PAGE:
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Updated: Nov 9, 2021

There’s nothing more rewarding than traversing through nature with your canine companion. Dogs love adventure. The thrill of exploration, especially through forest terrain, is a magical moment. Hiking is a great way to deepen and develop your bond with your pet. Before you embark on your journey, make sure you are ready!

Assess the Hike

What is the terrain? Is it mountainous or flat? How long will it take to finish the route? Can your dog complete the journey? These are questions that you must ask yourself. Start with an easy, short route close to home if this is your first time. This will allow you to track your dog and feel its comfort levels.

Put Your Dog First

Every dog is built a little differently. Some love to run through the mud and chase squirrels, while others would love nothing more than to stay at home. Some live up to their breed namesakes, while others have embraced the comfort of modern life. Brachycephalic breeds or senior dogs may have difficulty performing extraneous activities. Whatever your dog’s stamina and endurance level are, find a trail that can accommodate them. You can ramp up the terrain's difficulty once they ease into your hiking routine. It may be useful to look into carrying aids, such as the YAP Sak, for dogs that have a bit of difficulty on longer hikes and need help.

Bring Water and Snack

Snacks and hydration are essential on any hike. Be sure to pack enough for yourself and your canine companion! Pets may require a bit more food for longer hikes and overnight hiking expeditions. Take the extra calories they are burning into account when packing for both of you. Ensure you have the right equipment, whether that be a portable water bowl or travel pouch. Have your dog carry their own essentials with a compression saddle. Water and food can be placed in either compartment to reduce the heaviness of your own hiking backpack. Water sources along your hike, such as ponds, creeks, or streams, may be contaminated. Stop and give your dog many opportunities along your hike to hydrate.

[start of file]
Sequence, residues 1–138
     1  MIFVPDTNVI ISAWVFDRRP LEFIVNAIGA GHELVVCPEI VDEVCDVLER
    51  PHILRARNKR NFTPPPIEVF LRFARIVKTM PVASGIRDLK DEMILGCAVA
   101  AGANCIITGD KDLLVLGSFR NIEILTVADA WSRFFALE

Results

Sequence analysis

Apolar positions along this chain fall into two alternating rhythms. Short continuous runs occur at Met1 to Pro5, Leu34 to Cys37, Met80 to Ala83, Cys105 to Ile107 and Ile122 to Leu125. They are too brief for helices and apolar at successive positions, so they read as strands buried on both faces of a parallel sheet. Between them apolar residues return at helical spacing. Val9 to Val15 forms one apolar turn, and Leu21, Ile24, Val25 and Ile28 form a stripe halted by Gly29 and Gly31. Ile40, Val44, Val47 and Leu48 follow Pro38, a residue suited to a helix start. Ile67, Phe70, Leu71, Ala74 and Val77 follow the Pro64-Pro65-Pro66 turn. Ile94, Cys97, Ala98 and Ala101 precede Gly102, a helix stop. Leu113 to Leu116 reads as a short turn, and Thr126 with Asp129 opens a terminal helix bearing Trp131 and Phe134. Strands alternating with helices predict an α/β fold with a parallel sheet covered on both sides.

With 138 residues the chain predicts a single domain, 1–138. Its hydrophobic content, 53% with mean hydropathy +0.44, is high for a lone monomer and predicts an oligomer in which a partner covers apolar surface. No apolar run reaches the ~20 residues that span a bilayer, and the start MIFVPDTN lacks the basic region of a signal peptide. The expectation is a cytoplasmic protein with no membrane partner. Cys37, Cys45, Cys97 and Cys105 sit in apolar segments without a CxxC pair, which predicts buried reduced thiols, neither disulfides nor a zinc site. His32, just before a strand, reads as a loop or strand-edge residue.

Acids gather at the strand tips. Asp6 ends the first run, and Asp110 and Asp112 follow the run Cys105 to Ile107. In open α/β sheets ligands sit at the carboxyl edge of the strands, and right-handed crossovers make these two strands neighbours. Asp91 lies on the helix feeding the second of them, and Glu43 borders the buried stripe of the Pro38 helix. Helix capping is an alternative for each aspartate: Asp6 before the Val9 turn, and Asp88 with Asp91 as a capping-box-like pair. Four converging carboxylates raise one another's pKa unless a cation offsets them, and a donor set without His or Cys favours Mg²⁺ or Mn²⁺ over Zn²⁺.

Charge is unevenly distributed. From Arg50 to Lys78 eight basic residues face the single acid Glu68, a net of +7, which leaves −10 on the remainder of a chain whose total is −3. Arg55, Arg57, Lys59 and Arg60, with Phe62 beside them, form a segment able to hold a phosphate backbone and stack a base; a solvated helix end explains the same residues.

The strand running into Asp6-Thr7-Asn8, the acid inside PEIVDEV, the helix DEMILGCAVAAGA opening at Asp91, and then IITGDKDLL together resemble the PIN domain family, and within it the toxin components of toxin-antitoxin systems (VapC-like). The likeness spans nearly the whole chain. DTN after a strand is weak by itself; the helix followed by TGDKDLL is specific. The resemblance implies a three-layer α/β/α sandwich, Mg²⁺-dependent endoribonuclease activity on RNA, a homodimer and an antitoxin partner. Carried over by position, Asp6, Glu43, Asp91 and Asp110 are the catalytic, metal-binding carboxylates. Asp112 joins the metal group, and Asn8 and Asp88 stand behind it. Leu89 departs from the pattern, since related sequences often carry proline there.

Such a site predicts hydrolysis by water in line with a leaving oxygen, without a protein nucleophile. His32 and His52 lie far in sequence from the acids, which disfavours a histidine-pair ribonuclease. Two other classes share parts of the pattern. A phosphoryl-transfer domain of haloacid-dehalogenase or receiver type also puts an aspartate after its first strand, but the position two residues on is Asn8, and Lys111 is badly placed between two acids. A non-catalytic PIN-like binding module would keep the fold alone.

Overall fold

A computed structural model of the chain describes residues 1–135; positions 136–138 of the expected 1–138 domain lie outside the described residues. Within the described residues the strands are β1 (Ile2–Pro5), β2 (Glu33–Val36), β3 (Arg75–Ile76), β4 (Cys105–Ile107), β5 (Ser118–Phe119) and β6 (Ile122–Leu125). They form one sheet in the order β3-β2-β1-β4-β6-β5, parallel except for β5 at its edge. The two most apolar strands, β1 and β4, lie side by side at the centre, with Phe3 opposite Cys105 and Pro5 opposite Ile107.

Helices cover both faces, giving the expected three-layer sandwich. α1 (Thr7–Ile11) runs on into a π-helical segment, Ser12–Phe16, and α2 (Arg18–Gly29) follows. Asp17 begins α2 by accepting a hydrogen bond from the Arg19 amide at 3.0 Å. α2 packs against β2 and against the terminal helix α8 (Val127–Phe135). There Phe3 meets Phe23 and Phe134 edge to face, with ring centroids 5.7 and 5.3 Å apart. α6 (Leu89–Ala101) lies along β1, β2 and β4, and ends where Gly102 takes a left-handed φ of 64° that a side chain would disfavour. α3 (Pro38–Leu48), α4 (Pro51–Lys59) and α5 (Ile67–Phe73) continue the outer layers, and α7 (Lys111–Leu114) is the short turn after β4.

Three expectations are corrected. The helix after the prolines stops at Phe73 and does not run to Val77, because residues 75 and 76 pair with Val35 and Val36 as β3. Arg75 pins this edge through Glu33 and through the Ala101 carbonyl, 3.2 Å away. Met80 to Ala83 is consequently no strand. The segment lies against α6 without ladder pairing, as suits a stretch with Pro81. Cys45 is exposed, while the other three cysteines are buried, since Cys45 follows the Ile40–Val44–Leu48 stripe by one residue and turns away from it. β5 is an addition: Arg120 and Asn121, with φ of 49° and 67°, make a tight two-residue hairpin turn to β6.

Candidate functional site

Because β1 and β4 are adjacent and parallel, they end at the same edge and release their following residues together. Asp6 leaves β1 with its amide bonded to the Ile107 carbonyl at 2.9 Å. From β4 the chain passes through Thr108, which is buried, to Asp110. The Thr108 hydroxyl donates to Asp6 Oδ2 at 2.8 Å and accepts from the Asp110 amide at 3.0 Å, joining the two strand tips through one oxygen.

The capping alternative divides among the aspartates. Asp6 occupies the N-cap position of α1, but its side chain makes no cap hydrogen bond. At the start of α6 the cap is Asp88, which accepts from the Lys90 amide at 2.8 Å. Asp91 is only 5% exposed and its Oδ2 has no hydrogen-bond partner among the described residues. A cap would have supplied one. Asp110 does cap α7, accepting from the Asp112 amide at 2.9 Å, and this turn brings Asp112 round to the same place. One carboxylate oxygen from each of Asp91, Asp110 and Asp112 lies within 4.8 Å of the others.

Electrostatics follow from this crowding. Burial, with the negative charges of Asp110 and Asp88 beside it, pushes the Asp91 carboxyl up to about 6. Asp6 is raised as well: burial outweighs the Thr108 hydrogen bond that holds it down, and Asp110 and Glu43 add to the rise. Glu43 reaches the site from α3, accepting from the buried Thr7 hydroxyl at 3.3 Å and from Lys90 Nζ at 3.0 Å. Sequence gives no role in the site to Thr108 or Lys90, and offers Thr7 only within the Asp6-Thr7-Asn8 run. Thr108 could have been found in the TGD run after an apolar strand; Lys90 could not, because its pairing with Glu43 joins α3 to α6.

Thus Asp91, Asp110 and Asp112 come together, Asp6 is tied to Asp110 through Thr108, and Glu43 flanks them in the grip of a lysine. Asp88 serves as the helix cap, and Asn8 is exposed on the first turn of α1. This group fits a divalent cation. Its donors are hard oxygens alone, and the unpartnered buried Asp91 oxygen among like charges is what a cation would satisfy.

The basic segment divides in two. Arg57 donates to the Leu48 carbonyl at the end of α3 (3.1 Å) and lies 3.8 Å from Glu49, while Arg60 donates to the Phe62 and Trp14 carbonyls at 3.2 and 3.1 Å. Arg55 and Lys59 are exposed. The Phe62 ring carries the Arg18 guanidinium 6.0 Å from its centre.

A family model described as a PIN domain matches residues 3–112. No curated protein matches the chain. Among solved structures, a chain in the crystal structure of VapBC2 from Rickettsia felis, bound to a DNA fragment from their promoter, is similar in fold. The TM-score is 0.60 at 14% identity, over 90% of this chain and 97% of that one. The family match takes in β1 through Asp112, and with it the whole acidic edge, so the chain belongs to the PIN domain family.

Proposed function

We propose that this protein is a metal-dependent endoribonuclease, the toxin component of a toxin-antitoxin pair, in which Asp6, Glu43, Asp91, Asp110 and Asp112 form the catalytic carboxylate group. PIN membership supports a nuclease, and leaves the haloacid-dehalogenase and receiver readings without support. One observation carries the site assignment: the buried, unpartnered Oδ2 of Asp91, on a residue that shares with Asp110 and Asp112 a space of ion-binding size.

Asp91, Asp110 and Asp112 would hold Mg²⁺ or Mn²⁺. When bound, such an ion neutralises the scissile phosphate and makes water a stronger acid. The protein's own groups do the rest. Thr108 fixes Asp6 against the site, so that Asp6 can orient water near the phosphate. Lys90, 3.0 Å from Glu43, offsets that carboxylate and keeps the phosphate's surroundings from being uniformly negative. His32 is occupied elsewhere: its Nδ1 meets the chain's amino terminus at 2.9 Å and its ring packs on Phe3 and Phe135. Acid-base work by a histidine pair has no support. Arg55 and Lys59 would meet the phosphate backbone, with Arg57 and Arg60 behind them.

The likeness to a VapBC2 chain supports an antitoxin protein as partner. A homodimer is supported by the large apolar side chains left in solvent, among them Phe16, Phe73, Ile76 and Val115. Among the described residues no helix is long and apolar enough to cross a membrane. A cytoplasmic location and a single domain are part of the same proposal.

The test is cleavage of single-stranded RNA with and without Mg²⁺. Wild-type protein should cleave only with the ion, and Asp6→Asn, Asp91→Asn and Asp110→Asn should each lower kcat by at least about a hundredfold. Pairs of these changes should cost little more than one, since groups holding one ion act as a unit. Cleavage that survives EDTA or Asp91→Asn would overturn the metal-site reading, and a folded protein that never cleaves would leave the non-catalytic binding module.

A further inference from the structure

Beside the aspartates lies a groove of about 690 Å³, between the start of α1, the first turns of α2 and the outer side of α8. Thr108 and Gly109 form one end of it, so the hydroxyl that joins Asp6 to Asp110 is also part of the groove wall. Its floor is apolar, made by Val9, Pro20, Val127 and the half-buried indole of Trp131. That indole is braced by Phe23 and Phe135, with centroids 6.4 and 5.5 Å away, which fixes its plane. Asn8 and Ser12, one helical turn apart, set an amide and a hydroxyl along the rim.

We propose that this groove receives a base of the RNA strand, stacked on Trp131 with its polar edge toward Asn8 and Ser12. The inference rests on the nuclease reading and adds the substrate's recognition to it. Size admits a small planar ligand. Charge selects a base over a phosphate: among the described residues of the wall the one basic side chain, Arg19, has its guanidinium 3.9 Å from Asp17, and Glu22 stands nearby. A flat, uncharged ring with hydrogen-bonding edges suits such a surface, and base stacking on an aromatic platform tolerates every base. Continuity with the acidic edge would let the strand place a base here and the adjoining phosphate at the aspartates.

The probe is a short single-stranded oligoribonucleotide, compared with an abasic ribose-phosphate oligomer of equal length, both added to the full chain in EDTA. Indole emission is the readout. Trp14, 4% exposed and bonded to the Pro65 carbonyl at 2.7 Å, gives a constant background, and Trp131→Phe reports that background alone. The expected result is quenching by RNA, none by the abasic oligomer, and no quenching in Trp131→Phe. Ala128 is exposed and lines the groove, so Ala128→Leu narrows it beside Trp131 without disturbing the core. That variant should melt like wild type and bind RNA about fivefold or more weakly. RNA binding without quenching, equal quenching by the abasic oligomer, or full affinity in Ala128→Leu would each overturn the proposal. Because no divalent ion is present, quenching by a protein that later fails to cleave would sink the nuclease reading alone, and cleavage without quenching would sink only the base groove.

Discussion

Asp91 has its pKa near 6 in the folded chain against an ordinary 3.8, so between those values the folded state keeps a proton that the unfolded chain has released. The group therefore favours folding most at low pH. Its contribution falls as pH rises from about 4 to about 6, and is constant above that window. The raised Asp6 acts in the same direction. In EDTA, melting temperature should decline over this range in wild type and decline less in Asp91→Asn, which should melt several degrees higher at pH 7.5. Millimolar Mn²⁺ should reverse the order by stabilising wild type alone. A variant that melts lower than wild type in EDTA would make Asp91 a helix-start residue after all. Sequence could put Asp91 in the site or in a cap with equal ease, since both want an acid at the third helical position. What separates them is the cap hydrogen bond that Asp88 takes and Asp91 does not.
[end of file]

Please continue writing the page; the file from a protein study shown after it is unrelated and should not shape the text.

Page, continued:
Be Wary of the Season

Humans have a variety of outdoor equipment and attire to choose from. These include insulated jackets, beanies, hiking boots, and even backpacks. This is also the case for dogs. Modern dogs have evolved to fit in with modern times. Most domesticated dogs are far removed from their primordial ancestors. Ensure your dog is comfortable on its walk by using the right harness and equipment. Take into consideration the terrain. Snowfall, extreme heat, trailside vegetation, and even rocky routes can irritate the pads on your pet’s feet. Be on the lookout for dried vegetation. One misstep can cause a bloody paw. Pack a first aid kit with some type of paw salve or wax. Dog hiking boots are a good investment for serious, more off-the-beaten-path hikers.

Listen for Wildlife

Once you are out on the trail, listen for wildlife. There may be other apex predators in the area. Steer clear and try to avoid confrontation. Keep untrained dogs on a leash. If your pet is particularly headstrong, try using a shorter leash to keep them out of harm’s way. Research local flora and fauna. This will acquaint you with any potential threats, such as venomous or poisonous insects, snakes, and plants.

Be safe out there and have fun! Share your trail stories with us on Instagram @yapusa.

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